Artificial intelligence (AI) has the potential to bring many benefits to the medical field, and certainly in the area of radiology this is the case.
Researchers at Penn State University in the US have developed a new medical imaging technique for a multishot lensless camera that is based on a reconfigurable mask technology.
A four-year study by the University of Strathclyde has developed a medical image processing framework that matches up information and scans from varied sources to present a clearer image to help oncologists treat lung cancer tumours with greater efficiency.
A secure digital health passport system costing £15 per head could hold the key to reducing social distancing at sports and entertainment venues, according to Manchester-based developers, VST Enterprises Ltd.
In a similar vein to many other industries, remote working has been around for many years, but the coronavirus pandemic has forced the hand of many holdouts to quickly create the infrastructure and roll-out remote working and viewing technology.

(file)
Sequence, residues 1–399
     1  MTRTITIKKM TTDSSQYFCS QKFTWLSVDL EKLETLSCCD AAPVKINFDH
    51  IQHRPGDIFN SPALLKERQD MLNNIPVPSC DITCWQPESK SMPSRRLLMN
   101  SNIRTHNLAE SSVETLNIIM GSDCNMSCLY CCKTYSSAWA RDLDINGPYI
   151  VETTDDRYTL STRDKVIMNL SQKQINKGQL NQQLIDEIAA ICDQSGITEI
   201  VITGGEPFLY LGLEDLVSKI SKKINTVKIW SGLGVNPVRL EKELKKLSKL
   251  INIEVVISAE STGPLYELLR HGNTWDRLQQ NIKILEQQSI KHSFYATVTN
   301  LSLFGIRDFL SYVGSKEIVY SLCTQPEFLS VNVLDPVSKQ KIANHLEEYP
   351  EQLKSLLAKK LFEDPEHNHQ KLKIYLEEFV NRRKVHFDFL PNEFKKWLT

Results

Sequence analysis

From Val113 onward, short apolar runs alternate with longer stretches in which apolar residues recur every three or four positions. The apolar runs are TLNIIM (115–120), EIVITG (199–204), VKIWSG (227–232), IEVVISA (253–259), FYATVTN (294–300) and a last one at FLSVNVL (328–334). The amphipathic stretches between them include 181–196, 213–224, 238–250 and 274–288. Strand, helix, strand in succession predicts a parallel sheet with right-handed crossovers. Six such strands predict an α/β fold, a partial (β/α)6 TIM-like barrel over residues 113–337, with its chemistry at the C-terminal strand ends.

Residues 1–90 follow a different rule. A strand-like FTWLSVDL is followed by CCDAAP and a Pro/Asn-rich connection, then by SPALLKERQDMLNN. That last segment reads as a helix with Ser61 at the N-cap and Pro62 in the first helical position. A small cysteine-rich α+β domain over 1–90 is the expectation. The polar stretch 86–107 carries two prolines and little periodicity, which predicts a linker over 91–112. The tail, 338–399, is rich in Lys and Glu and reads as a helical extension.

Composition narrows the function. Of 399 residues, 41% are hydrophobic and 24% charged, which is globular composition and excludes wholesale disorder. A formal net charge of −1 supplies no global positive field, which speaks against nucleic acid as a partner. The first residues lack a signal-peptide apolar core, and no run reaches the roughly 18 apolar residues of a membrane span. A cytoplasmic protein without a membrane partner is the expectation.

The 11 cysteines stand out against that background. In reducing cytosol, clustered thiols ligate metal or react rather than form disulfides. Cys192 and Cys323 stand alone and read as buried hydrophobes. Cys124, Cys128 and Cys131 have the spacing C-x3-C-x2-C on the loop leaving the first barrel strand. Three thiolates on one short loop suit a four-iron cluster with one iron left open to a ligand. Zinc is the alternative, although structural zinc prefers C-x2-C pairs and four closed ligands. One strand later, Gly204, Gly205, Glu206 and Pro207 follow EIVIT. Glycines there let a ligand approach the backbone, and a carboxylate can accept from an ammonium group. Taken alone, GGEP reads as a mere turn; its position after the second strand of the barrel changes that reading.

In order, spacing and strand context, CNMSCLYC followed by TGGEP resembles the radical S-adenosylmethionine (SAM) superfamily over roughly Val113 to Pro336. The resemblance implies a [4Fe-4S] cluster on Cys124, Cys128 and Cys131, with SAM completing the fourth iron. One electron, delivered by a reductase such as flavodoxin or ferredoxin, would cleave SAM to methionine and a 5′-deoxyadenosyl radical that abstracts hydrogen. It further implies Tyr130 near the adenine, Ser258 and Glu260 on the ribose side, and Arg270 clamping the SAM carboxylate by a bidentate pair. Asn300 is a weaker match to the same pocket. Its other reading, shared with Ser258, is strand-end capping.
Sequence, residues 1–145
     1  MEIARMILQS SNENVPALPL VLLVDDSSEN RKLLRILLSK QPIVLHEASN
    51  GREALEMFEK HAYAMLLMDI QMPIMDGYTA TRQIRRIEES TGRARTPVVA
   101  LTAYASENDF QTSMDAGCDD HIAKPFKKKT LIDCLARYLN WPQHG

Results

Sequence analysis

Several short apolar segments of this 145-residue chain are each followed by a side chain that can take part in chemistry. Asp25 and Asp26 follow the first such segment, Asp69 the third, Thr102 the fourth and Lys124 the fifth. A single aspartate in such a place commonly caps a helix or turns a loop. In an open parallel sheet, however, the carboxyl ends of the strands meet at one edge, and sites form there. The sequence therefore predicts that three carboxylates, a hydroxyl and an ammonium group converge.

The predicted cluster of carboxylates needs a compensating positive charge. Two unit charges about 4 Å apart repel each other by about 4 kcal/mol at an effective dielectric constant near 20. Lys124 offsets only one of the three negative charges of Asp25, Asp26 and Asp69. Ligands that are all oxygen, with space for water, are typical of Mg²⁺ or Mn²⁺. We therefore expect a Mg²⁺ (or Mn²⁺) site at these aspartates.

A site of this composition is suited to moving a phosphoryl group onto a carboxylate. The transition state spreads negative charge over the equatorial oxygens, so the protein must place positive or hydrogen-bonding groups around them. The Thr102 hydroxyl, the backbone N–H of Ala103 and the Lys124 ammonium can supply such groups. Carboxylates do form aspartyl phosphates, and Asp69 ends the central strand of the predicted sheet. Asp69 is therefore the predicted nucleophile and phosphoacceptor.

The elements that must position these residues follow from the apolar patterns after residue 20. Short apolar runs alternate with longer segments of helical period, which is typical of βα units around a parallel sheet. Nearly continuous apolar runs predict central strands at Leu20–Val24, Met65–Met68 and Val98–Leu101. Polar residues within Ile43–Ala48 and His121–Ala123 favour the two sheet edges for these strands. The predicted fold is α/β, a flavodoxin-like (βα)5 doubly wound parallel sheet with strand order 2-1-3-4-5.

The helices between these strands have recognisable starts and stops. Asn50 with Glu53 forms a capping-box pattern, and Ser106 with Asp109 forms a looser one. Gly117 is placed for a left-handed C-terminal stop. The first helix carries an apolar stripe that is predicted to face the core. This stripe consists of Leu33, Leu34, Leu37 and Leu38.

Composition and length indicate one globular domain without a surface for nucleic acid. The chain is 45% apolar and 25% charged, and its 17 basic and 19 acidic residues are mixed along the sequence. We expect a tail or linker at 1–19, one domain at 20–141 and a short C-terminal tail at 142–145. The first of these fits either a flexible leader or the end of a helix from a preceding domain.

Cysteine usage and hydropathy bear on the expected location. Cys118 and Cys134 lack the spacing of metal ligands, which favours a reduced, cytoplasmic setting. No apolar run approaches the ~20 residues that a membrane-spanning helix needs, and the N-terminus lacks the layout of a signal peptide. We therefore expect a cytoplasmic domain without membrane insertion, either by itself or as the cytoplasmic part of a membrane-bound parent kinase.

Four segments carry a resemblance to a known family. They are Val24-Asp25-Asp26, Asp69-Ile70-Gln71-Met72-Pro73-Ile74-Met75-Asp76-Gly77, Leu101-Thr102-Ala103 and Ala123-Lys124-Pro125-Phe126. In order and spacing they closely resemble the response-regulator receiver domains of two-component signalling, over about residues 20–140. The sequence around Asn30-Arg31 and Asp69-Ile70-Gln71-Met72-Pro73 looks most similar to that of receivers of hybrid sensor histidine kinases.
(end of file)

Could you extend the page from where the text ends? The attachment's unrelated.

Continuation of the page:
With lockdown restrictions being rolled out around the world, many patients were left having to make difficult choices about how to continue with their various treatments.
Some 20,000 deaths each year could be prevented through greater adoption of telemedicine and technology, helping save the NHS billions of pounds.
The pandemic has had an impact on all aspects of life and many changes are expected to be seen over the coming months and years as a result of the coronavirus crisis.
The use of digital technology across NHS Wales has accelerated over the last couple of months as a result of the pandemic, as healthcare providers work to ensure that people are still able to access advice and services from their homes.